Rugged_as_fuck t1_je88yut wrote

Nah, I never regretted the floor, and like someone else replied it was no more difficult to clean than a tile floor, maybe with a bit more grout to deal with since the spacing was irregular. The real key was keeping it sealed, there was a noticeable difference in how quickly it would begin to get dingy between cleanings when the sealing was wearing off.

All the more reason to hate the bench though, it broke up what should have been a great wall to wall shower floor and was the only thing that kept the shower from being perfect.


Rugged_as_fuck t1_je6nykv wrote

I'll second this. I had my tub and shower insert ripped out and hired a contractor to do a full custom shower, and I really wanted a bench. River rock floor, huge beautiful tiles on the wall, and the bench built to match both. The guy did a fantastic job, it came out great, it was exactly what I wanted.

I hated it. It was constantly covered in bottles. It was uncomfortable to sit on because if you didn't spray water on it for 5 minutes it was freezing cold. It took up space that I was constantly reminded I might have wanted to stand in. It accumulated more shower "grime" than the rest of the shower even though it was properly sloped. It was wide enough for two people, which was great for all the times you showered alone, or all the times when you did shower with a partner and wanted the extra room to stand in. Fucking stupid idea.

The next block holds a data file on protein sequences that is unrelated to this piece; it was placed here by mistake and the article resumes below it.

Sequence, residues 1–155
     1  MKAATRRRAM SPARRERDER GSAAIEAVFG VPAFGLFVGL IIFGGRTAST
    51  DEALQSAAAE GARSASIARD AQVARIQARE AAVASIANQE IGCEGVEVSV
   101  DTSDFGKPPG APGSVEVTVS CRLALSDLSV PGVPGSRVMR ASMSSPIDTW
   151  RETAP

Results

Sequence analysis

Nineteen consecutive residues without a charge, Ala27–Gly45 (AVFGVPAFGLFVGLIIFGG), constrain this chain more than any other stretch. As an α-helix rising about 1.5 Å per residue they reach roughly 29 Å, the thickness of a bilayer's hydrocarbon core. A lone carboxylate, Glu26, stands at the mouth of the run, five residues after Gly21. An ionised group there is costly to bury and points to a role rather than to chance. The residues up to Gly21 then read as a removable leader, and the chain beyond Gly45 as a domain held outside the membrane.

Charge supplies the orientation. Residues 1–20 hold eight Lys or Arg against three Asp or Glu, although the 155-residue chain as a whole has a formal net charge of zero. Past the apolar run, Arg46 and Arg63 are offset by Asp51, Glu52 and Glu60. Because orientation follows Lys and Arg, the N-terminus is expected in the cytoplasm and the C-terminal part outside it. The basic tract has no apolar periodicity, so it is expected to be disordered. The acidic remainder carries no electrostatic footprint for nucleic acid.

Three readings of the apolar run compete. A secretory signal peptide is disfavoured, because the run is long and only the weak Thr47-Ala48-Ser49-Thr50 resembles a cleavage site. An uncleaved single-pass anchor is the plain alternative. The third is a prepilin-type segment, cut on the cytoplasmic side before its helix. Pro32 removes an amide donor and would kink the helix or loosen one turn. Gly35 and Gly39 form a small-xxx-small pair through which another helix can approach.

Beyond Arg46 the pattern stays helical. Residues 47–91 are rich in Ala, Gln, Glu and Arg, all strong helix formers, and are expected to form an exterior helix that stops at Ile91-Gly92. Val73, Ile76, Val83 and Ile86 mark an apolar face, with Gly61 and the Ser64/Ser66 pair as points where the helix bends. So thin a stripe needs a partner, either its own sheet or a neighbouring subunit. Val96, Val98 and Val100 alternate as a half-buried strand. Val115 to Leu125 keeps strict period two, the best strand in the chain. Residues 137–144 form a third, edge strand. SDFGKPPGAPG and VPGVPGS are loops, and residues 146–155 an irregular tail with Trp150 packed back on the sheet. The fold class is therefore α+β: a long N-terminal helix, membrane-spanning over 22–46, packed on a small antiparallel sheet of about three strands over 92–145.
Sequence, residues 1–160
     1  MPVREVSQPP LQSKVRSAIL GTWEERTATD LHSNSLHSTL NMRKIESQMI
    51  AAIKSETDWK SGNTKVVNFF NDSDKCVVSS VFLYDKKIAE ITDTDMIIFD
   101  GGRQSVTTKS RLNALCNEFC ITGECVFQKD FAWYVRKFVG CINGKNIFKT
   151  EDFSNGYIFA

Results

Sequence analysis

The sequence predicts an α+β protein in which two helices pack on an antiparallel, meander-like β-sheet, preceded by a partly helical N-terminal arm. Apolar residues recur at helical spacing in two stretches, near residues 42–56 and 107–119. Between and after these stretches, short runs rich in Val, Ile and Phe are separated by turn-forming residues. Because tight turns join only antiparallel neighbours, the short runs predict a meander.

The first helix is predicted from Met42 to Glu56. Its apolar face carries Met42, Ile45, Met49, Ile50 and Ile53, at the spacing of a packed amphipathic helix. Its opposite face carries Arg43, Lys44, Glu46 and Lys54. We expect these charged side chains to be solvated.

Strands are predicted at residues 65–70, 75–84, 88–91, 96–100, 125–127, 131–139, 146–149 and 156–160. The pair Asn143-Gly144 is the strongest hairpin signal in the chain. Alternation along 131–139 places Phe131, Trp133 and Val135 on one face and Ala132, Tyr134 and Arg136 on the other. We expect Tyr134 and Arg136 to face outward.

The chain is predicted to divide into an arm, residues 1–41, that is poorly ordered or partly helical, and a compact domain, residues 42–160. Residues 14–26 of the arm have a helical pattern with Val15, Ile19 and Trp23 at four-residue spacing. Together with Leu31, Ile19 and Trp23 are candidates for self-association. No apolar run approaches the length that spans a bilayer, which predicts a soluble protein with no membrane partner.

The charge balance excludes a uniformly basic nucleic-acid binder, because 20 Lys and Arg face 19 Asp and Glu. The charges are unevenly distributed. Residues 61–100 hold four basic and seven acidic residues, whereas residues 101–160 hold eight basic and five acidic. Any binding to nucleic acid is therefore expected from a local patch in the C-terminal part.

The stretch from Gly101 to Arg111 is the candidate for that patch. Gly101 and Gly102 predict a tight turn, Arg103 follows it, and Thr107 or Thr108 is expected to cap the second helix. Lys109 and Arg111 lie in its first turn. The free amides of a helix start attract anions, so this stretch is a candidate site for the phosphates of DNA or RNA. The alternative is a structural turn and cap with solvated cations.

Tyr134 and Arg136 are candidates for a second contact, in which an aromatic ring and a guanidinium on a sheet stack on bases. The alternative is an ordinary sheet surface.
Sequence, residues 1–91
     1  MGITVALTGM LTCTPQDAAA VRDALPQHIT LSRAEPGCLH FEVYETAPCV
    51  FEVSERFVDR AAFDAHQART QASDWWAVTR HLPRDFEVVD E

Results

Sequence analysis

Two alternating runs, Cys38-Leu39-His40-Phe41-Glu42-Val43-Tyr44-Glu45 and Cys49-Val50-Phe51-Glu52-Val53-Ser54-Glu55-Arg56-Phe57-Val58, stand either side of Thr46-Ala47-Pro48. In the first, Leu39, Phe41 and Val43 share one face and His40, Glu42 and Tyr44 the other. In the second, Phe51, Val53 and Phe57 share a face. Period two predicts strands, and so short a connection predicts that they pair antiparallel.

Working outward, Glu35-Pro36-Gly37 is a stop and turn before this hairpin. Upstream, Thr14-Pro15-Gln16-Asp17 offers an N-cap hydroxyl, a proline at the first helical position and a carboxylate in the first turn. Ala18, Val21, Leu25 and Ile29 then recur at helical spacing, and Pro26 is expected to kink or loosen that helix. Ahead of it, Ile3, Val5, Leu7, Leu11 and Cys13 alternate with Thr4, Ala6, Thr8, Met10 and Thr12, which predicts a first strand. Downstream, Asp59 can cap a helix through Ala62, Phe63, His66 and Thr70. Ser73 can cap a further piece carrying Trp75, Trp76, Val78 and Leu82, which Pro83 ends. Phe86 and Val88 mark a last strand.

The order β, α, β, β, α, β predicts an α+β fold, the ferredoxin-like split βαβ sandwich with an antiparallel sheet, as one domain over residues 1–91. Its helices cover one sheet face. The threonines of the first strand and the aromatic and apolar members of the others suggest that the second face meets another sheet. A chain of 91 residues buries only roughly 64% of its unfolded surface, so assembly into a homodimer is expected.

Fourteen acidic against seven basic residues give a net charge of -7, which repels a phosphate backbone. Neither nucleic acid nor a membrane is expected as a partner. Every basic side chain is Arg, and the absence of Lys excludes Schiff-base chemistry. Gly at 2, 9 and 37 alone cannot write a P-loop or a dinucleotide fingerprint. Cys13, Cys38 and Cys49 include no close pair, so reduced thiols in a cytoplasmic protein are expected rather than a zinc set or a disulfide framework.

Rugged_as_fuck t1_jd7zvrn wrote

Right, first of all your position isn't that your view is a possibility, it's that it's a fact. You aren't approaching it from a point of debate, there is no room for "I disagree" so there is effectively no point in engaging you.

That said, your take on it seems to be even more extreme than the interviewee, which runs up against the same problems. The interviewee himself acknowledges the problems inherent in the view. If we assume there is no free will, then no one is responsible for their actions, so there is no point punishing someone for any action or taking measures to prevent it. Guy shoots up an elementary school, tough shit, nothing we could do about it, he was always going to do that. Likewise, there is no point in praising great actions. A man invents a new method for clean, cheap energy and gives it away for the good of the planet instead of for profit. Who gives a fuck, he was already going to do that.

In addition to that being one of the most boring and passive "I'm just here waiting to die" takes on life, taken to the extreme it goes from an unimaginative, milquetoast viewpoint to detrimental to society as a whole. It's also no different than believing a higher power (God) controls all actions and outcomes regardless of human input, everything will always go according to His Plan, a belief that many philosophical individuals would consider small minded and naive.


Rugged_as_fuck t1_jd3y0n1 wrote

I gotta say, I might be coming around, nobody with free will would choose to purchase and wear those glasses.

Other than that, this interview seemed odd. A good part of it is spent asking him generic so where did you grow up, what was your favorite food as a kid questions. I understand that his life experiences can be relevant to shaping his views, but it's all so mundane, including his answers. There's a few paragraphs in the middle actually discussing his viewpoints, and that's it. Then back to bullshit questions. Maybe that's what they were going for, and I'm the problem, expecting it to be focused on his viewpoints.